Public Enemy Number 1

This article by Shaun originally appeared on Global Health Hub. See other stories about global health issues here.

President of the World Bank, Jim Yong Kim recently touted corruption as ‘public enemy number 1’. Jim Kim is not the first World Bank President to attempt to address the issue, Jim Wolfensohn broached the subject back in 1996 when many still consider it taboo.  A lot has changed in development since the 1990s, but the subject of corruption is still something that doesn’t get as much attention as it perhaps should.

David Cameron also stirred the pot on the subject nearly a year ago with his vision as one of the world leaders charged with chairing the UN’s post 2015 development agenda. In it he argues his case for “the golden thread” of conditions to improve economies. While he doesn’t take as large a jab at corruption as Mr. Kim has done, he nonetheless hints at his distaste for it while advocating for a voice for the so many voiceless. Ultimately, Cameron’s position for the UN was a big change from the status quo and one I believe noble if not lofty; for using aid as a catalyst for improving governance and achieving sustainable growth should be at the core of the development agenda.

While this position may be beginning to gain traction in some circles, other academics have argued that “westerners care about corruption far out of proportion to its impact on poverty alleviation and economic growth.” This can be either true or false I believe depending on how loosely or broadly you chose to define corruption. With a broad enough brush stroke corruption can encompass all areas of development from health care to poverty to education or land rights issues.

Going back to Kim’s claim that corruption must be at the center of every development leader’s work he went on to say, “Every dollar that a corrupt official or a corrupt business person puts in their pocket is a dollar stolen from a pregnant woman who needs health care”. From this bold statement I would surmise that Mr. Kim has a rather broad definition of corruption as well. It should not then be thought of as simply an economic burden which stifles small enterprise and decreases the incentive of outside investors to an economy. It is in fact much greater a burden.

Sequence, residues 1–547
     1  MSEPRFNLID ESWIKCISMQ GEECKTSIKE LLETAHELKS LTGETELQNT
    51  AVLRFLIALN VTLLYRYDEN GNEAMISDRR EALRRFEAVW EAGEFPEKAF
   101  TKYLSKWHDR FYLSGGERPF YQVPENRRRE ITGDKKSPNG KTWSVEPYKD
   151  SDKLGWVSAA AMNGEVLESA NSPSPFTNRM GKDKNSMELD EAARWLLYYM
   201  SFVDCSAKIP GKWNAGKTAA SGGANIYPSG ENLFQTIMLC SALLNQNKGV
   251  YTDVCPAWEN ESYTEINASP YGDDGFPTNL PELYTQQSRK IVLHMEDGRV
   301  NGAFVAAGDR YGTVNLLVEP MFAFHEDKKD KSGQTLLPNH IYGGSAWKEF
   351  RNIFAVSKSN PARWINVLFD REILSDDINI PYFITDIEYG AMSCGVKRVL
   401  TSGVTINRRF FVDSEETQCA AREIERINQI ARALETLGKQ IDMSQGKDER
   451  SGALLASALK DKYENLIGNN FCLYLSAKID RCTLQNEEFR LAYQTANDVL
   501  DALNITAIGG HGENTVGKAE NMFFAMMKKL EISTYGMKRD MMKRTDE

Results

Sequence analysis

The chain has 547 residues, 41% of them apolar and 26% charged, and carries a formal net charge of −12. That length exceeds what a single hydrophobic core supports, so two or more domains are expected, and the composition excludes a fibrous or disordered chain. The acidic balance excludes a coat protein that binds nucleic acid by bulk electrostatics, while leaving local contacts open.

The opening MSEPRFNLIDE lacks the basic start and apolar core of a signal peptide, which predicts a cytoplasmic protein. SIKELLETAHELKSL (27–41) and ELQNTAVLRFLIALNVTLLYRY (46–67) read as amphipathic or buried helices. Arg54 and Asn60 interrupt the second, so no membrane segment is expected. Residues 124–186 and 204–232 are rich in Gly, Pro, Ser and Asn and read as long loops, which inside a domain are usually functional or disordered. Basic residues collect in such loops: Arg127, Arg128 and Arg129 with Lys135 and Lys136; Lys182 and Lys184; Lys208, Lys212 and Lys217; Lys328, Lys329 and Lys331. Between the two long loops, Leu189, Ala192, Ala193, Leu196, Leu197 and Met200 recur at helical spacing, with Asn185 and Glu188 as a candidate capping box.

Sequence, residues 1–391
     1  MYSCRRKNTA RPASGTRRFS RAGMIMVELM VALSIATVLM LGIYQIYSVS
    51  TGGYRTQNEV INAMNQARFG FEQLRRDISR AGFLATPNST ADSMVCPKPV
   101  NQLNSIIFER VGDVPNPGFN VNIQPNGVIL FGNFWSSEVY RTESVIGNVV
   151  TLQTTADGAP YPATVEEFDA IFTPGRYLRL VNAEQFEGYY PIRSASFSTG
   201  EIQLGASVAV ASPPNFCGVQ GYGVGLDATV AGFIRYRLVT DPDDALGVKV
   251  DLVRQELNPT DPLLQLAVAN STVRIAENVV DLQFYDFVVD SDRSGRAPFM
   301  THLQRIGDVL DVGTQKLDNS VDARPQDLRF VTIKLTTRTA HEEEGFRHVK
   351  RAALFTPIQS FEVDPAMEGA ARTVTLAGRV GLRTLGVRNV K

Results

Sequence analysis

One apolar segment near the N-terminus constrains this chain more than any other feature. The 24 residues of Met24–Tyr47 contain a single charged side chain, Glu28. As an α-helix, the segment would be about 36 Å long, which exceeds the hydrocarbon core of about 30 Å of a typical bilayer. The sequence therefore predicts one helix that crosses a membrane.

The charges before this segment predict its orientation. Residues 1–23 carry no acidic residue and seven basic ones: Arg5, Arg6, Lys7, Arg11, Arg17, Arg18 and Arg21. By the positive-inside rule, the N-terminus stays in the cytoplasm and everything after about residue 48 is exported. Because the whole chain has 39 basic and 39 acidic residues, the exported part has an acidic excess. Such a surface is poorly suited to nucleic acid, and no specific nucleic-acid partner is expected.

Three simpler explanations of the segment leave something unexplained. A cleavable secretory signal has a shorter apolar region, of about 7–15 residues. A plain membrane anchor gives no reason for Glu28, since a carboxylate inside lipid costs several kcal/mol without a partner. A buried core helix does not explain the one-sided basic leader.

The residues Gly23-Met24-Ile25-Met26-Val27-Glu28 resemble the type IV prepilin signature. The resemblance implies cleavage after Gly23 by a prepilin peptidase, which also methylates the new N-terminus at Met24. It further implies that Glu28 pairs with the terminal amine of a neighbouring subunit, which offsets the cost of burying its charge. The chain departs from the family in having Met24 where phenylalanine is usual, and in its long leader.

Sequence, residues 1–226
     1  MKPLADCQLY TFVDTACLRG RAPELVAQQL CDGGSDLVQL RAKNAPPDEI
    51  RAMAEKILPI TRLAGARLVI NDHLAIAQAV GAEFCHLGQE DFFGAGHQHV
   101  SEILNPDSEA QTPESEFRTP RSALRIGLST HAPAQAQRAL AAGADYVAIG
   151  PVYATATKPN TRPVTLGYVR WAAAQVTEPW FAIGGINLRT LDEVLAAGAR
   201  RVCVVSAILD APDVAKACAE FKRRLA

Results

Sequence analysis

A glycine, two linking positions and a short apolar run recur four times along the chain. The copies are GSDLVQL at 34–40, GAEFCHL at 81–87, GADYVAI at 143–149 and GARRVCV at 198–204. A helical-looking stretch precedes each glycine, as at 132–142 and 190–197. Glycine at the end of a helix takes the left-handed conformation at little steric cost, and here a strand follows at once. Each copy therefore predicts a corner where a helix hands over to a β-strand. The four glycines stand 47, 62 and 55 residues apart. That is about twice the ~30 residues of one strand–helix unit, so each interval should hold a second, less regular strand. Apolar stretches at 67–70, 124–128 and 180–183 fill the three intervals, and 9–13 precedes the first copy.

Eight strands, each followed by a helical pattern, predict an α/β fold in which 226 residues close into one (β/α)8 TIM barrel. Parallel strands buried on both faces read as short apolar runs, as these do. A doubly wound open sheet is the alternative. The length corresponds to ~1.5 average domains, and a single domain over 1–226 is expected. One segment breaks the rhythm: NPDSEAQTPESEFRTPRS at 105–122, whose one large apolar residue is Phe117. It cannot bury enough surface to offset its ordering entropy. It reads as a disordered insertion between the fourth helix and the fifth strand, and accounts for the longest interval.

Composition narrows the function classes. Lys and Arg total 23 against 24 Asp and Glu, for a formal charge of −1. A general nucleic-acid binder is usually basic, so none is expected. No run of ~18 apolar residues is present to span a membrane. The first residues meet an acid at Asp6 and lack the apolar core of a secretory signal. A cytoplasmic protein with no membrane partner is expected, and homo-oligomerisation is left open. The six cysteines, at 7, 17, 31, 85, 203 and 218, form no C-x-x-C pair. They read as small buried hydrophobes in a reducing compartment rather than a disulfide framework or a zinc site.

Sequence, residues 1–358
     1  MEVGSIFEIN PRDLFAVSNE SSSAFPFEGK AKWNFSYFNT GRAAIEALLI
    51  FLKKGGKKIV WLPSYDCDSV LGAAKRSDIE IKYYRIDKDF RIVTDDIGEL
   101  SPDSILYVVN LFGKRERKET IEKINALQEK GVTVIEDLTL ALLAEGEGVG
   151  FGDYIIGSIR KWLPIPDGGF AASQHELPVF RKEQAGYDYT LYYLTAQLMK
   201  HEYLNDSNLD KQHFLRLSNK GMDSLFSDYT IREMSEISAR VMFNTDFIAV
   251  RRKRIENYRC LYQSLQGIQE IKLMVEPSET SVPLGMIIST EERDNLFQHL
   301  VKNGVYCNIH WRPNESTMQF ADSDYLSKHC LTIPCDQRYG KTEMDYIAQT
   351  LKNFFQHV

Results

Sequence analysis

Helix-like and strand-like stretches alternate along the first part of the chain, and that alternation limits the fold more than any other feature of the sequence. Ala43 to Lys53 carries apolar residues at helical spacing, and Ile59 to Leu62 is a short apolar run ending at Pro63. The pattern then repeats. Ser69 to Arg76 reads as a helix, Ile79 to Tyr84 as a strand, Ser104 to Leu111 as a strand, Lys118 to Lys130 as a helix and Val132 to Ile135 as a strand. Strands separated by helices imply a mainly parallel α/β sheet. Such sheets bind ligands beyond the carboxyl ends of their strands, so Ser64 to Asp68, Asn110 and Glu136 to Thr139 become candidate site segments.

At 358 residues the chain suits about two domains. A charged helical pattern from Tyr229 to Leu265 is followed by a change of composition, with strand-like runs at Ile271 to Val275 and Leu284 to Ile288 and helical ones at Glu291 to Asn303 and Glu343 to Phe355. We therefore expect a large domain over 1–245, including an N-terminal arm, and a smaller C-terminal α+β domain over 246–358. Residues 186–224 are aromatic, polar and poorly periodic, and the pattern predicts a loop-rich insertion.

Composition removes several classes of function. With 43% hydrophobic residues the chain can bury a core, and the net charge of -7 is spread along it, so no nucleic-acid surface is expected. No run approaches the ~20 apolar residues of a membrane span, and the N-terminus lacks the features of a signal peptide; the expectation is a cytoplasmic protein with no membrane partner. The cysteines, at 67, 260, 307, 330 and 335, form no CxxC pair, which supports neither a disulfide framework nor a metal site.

Transparency International gives a simple yet robust definition that I particularly like: “the abuse of entrusted power for private gain”. Using this definition it is much easier to see how the role of corruption may have played into the recent coups and following civil unrest happening now in the CAR and South Sudan. Would the incentive for such atrocities still be there if the victors were prevented from pocketing any public funds in the aftermath? If we blame a government’s inability to provide healthcare or education on the misappropriation of funds and misuse of power by those entrusted to provide such services then we begin to see the limitation of even the most benevolent types of aid within the confines of corruption.

So why is corruption still such a fiercely controversial topic? One reason, I think, is the theoretical case is so complex. Beyond the arguments over definitions there are countless points and counter points to be had arguing the implications of corruption on different rungs of society.  A second is the fear of losing donors; many foundations fear that if their contributors learn even a little bit of aid money is stolen, the public will recoil in disgust and flip to the side of economist like Dambisa Moyo and call for the end of all aid. A third is a simple matter of politics – many large organizations such as USAID, Global Fund, and even the World Bank for a number of years were scared to verbalize corruption issues for fear of alienating a large number of governments of the countries they’re operating in.

Until we can begin to have honest debates about the impact of corruption without fear or anxiety we are not going to begin to formulate effective ways of stopping corruption. We must develop a policy armed with economic theory and comprehensive technology tools, similar to those used to track the movements of funds in the Philippines. Fortunately the UN and World Bank are moving in that direction. We must also determine better methods for measuring levels of corruption, such as those advocated by Peter Murrell. Finally, we will need to be realistic about the pace of change we set, so as not to unfairly punish aid recipients.

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